webOS Open Source Edition (OSE) provides a collection of libraries and tools that help you trace and debug your apps and services. This section describes how to use these libraries and tools for the following tasks that are required to make the most of the webOS OSE logging framework.

Format Logs

To format log messages in a pre-defined structure, the PmLogLib library is used. PmLogLib formats the log messages that are generated during runtime of your app or service, making it easier to identify and use the relevant log information. To enable that, you must use the PmLogLib API to insert log messages. PmLogLib is supported for C/C++, JavaScript, Node.js, and QML. For more information, see the pages in the Formatting Logs section.

In addition, you can set the system-wide logging context and level by using the PmLogCtl command. For details, see Setting the Logging Context and Level.

View Logs

To view logs, different methods are used depending on which logging daemon is enabled in the platform. The two logging daemons that are available in the webOS OSE platform are journald and pmlogd.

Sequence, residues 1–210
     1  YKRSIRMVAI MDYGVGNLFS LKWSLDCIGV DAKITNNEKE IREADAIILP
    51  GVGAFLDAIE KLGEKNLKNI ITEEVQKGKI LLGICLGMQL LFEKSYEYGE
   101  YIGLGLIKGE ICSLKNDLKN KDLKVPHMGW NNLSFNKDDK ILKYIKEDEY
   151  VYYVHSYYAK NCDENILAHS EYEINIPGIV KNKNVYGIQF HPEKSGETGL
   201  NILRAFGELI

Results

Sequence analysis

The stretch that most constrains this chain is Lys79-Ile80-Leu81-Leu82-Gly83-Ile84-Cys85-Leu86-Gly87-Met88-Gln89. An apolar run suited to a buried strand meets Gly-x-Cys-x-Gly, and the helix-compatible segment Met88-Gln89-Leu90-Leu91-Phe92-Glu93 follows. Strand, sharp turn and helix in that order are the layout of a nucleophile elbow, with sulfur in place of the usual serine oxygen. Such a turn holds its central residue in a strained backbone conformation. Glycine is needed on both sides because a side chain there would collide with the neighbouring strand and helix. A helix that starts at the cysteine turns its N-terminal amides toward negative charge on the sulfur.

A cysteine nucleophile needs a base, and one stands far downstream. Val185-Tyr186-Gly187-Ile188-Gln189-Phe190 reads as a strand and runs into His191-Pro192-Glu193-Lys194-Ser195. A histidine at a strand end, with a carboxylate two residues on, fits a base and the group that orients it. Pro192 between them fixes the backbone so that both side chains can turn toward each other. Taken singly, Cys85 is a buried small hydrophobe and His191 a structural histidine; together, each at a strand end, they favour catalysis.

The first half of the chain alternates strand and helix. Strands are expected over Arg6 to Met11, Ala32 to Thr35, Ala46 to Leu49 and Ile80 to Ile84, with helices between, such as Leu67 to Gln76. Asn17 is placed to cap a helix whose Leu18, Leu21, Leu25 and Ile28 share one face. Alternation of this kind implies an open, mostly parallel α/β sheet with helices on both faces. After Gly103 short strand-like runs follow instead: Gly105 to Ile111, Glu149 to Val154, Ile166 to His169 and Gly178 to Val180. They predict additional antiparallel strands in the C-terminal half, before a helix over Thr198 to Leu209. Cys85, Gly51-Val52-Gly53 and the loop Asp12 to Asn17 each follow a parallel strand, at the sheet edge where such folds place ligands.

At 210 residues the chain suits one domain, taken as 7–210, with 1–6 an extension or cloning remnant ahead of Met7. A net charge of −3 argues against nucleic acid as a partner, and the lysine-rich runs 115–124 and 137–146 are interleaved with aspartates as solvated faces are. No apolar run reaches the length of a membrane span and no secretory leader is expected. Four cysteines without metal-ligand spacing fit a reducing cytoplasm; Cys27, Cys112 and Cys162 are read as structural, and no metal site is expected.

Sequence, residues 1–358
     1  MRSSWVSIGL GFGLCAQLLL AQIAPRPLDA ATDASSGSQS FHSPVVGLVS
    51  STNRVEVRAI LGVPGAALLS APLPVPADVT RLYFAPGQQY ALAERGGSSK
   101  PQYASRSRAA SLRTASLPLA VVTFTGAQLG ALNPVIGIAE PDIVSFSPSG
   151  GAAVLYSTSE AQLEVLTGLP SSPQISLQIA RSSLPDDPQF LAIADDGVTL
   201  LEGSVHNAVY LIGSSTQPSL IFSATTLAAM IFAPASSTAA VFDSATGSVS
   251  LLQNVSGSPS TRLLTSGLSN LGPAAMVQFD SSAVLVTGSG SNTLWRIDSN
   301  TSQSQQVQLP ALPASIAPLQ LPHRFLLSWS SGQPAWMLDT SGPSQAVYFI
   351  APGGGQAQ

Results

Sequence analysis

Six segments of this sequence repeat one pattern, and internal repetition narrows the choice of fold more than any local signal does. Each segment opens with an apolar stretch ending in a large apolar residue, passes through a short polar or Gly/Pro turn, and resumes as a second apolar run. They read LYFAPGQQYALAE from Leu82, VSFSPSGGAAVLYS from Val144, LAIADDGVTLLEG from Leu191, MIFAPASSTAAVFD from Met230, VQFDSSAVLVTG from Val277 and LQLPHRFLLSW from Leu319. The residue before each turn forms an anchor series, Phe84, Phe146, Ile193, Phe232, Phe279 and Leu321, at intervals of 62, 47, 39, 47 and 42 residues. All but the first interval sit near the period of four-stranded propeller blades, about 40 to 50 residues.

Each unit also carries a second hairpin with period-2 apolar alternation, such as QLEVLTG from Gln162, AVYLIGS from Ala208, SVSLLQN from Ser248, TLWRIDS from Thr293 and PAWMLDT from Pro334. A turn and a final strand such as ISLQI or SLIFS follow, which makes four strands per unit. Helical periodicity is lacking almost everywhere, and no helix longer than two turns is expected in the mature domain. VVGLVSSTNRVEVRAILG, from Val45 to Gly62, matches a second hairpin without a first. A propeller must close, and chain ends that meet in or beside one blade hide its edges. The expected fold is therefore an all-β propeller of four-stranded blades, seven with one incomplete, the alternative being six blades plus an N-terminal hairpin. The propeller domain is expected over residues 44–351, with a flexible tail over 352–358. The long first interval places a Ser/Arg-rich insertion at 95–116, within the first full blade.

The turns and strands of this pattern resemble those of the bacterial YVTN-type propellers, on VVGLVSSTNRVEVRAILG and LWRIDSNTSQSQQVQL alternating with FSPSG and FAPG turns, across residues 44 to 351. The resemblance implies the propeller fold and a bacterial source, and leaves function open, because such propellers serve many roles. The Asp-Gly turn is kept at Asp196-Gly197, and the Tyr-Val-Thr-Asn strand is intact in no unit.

• journald is a sub-component of systemd, which is responsible for event logging and runs as the systemd-journald daemon. journald collects log data that are logged via stdout/stderr and kmsg as well as log messages formatted by PmLogLib.
  • pmlogd is a logging daemon that implements a subset of RFC 3164 (The BSD syslog Protocol), intended to efficiently address the needs for webOS OSE embedded devices. pmlogd only handles the log messages formatted by PmLogLib.

The default status of logging daemons vary by platform version:

  • On webOS OSE 2.1.0 or higher, journald is enabled and pmlogd is disabled by default.
  • Up to webOS OSE 2.0.0, pmlogd is enabled and journald is disabled by default.

To find out how to enable pmlogd instead of journald on webOS OSE 2.1.0 or higher, see Enabling and Disabling pmlogd.

For each logging daemon, a different method is used for viewing logs:

  • When journald is enabled, you can use the journalctl command to follow or query logs.
  • When pmlogd is enabled, the log messages are stored in /var/log/messages. So you can use the tail -f command on the file to follow the log or search for keywords in the file.

For more information, see the pages in the Viewing Logs section.